Modelling time to population extinction when individual reproduction is autocorrelated
Peer reviewed, Journal article
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Original versionEcology Letters. 2017, 20 (11), 1385-1394. 10.1111/ele.12834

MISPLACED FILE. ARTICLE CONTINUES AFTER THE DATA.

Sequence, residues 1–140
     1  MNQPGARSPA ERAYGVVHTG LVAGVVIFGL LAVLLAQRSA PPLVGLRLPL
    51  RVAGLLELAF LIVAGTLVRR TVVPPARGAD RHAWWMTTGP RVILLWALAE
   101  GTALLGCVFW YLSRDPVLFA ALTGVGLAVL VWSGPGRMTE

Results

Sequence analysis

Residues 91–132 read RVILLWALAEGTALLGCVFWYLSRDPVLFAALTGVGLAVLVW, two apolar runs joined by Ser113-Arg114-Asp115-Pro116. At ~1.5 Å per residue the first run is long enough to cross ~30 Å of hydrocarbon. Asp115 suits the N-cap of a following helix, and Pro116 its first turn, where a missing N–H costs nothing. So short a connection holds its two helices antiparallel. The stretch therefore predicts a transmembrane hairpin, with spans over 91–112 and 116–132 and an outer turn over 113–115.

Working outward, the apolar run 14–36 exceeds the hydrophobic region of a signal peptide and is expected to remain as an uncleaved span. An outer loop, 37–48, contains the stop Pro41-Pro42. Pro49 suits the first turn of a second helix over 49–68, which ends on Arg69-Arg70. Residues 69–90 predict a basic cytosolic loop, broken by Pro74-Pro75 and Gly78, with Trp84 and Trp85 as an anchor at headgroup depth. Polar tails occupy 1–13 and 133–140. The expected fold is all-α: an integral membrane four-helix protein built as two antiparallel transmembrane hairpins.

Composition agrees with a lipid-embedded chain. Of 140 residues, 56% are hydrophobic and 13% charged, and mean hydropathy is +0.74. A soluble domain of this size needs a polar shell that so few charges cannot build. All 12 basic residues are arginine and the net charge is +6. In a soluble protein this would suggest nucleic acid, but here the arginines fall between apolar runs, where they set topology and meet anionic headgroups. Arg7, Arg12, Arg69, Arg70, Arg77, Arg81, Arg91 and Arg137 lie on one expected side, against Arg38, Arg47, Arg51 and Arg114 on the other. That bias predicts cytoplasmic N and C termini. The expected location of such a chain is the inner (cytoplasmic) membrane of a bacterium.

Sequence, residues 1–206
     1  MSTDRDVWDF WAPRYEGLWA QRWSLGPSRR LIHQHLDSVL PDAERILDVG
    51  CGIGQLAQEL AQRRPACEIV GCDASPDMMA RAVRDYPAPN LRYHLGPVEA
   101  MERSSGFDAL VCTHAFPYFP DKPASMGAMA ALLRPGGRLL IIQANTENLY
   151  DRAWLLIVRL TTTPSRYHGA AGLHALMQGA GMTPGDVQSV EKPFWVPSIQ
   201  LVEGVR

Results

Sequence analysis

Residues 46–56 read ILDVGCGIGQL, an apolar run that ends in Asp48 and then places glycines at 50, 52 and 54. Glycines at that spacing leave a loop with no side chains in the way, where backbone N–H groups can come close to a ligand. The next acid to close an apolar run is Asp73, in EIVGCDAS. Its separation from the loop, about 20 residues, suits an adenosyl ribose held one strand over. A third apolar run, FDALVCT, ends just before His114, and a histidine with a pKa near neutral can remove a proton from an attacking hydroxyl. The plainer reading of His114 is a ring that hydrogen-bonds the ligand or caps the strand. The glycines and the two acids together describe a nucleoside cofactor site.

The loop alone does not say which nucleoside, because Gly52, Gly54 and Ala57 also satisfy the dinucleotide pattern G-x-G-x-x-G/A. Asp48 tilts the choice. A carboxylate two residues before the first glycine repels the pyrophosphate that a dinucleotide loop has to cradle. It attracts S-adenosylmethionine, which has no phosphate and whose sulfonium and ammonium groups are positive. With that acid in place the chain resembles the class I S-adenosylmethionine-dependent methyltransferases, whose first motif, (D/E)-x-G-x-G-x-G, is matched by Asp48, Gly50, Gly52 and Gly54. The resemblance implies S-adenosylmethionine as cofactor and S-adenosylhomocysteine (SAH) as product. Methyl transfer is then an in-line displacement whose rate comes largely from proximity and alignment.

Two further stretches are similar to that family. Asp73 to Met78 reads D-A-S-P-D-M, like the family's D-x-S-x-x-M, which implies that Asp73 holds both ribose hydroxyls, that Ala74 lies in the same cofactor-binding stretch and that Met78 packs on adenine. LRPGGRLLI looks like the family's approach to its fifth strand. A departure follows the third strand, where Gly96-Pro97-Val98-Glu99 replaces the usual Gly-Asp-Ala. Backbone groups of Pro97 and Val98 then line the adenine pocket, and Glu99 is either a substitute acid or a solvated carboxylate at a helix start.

In nature, individual reproductive success is seldom independent from year to year, due to factors such as reproductive costs and individual heterogeneity. However, population projection models that incorporate temporal autocorrelations in individual reproduction can be difficult to parameterise, particularly when data are sparse. We therefore examine whether such models are necessary to avoid biased estimates of stochastic population growth and extinction risk, by comparing output from a matrix population model that incorporates reproductive autocorrelations to output from a standard age‐structured matrix model that does not. We use a range of parameterisations, including a case study using moose data, treating probabilities of switching reproductive class as either fixed or fluctuating. Expected time to extinction from the two models is found to differ by only small amounts (under 10%) for most parameterisations, indicating that explicitly accounting for individual reproductive autocorrelations is in most cases not necessary to avoid bias in extinction estimates.